Pros: Very clean and organized, provides meaningful names for each exception. Cons: potentially a lot of extra exceptions classes. – FriendlyGuy Dec 12 '13 at 17:50
  • If it matters, you could have a limited number of exception classes, pass the class of where the exception originated as a parameter and have a giant switch inside more generic exception classes. But that has a faint smell to it - not sure I'd go there. – ptyx Dec 12 '13 at 17:57
  • that smells really bad (tightly coupled exceptions with classes). I guess it'd be hard to balance the customizable exception messages vs the number of exceptions. – FriendlyGuy Dec 13 '13 at 15:19
5

Microsoft seems to (via looking at the .NET source) sometimes use resource/Environment strings. For example, ParseDecimal:

throw new OverflowException(Environment.GetResourceString("Overflow_Decimal"));

Pros:

  • Centralizing exceptions messages, allowing for re-use
  • Keeping the exception message (arguably which don't matter to code) away from the logic of the methods
  • The type of exception being thrown is clear
  • Messages can be localized

Cons:

  • If one exception message is changed, they all change
  • The exception message is not as easily available to the code throwing the exception.
  • Message is static and contains no information about what values are wrong. If you want to format it, it's more clutter in the code.
  • 2
    You left out a huge benefit: Localization of exception text – 17 of 26 Dec 12 '13 at 17:02
  • @17of26 - Good point, added it. – FriendlyGuy Dec 12 '13 at 17:08
  • I upvoted your answer, but error messages made in this way are "static"; you can't add modifiers to them like the OP is doing in his code. So you've effectively left out some of his functionality. – Robert Harvey Dec 12 '13 at 17:18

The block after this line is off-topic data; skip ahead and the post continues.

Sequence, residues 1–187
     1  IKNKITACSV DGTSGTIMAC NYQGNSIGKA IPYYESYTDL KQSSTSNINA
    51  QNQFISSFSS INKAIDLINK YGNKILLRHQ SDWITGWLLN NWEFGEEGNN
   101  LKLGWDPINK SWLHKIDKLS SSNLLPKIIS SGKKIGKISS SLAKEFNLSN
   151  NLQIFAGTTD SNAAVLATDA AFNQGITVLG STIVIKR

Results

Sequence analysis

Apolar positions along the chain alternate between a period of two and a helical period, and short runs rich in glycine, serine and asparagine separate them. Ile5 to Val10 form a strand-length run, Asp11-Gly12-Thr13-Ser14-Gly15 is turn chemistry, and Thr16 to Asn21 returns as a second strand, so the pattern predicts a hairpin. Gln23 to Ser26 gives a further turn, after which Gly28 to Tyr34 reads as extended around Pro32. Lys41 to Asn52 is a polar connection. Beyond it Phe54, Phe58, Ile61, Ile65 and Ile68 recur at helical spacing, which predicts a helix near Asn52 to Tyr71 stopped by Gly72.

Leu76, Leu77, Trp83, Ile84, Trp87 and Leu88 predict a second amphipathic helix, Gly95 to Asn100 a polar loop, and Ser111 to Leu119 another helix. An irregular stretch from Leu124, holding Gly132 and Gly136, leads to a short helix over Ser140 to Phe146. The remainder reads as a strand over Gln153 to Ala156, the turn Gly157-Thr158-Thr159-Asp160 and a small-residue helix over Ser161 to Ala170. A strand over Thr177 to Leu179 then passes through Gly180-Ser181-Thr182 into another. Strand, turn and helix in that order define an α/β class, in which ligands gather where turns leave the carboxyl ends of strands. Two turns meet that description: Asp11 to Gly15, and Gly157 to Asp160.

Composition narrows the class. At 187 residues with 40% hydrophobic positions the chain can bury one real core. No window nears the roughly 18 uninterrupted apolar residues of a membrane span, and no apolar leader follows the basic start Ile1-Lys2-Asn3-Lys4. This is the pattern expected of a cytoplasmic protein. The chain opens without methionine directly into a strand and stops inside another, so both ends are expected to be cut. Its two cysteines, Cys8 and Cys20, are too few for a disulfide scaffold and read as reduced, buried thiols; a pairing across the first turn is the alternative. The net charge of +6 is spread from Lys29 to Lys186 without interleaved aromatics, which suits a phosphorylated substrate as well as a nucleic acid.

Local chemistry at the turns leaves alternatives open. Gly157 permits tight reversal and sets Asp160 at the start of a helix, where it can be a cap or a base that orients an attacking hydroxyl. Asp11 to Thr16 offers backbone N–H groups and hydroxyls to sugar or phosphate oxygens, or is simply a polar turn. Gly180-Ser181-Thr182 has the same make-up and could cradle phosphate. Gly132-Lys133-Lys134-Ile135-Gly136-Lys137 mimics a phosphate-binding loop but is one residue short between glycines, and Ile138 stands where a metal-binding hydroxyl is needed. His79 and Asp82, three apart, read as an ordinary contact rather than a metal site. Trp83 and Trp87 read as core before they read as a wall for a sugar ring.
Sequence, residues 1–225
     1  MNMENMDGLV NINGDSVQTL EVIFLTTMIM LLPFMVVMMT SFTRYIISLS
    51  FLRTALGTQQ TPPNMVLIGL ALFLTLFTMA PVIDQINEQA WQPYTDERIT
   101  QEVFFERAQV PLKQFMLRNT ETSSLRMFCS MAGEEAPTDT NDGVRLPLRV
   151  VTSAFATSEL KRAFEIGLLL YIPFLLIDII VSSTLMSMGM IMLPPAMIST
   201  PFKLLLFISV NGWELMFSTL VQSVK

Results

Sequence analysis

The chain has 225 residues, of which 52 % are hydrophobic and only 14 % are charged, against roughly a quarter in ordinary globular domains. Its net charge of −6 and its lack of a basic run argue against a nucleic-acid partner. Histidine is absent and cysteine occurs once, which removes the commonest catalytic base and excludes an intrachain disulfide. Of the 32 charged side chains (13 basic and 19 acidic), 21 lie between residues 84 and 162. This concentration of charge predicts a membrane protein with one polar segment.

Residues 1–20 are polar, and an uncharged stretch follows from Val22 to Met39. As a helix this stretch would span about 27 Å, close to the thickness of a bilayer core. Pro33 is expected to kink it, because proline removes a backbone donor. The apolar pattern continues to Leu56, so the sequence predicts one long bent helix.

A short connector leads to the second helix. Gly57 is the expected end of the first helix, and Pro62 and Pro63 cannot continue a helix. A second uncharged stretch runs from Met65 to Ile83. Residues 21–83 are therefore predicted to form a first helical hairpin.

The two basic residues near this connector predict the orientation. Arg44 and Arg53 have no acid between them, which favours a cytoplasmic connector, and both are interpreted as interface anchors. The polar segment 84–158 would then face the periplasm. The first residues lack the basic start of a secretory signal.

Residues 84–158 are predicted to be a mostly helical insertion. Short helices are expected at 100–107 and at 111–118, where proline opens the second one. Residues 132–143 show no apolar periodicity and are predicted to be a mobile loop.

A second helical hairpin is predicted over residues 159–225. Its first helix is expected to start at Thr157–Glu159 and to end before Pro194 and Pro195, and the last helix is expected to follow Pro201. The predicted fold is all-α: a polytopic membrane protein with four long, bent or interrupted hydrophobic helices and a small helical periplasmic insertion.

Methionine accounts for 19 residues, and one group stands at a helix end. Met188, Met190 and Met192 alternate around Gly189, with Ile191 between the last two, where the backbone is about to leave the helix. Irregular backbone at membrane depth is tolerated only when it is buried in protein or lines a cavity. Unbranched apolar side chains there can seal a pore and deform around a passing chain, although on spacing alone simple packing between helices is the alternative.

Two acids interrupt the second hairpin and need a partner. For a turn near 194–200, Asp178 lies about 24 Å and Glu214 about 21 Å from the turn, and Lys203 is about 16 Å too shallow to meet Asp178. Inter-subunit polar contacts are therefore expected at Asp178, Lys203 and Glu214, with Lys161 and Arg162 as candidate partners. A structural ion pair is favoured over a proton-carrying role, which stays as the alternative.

• @RobertHarvey - I added it as a con. That does explain why built-in exceptions never really give you local information. Also, FYI I am OP (I knew of this solution, but I wanted to know if others have better solutions). – FriendlyGuy Dec 12 '13 at 17:26
  • 4
    @17of26 as a developer, I hate localized exceptions with passion. I have to unlocalize them every time before I can eg. google for solutions. – Konrad Morawski Dec 12 '13 at 18:10
2

For the public SDK scenario, I would strongly consider using Microsoft Code Contracts as these provide informative errors, static checks and you can also generate documentation to add into XML docs and Sandcastle generated help files. It is supported in all paid for versions of Visual Studio.

An additional advantage is that if your customers are using C#, they can leverage your code contract reference assemblies to detect potential problems even before they run their code.

The full documentation for Code Contracts is here.

2

The technique I use is to combine, and outsource the validation and throwing altogether to a utility function.

The single most important benefit is that it is reduced down to a one-liner in the business logic.

I bet you can't do better unless you can reduce it further - to eliminate all argument validations and object-state guards from the business logic, keeping only the operational exceptional conditions.

There are, of course, ways to do that - Strongly typed language, "no invalid objects allowed anytime" design, Design by Contract, etc.

Example:

internal static class ValidationUtil
{
    internal static void ThrowIfRectNullOrInvalid(int imageWidth, int imageHeight, Rect rect)
    {
        if (rect == null)
        {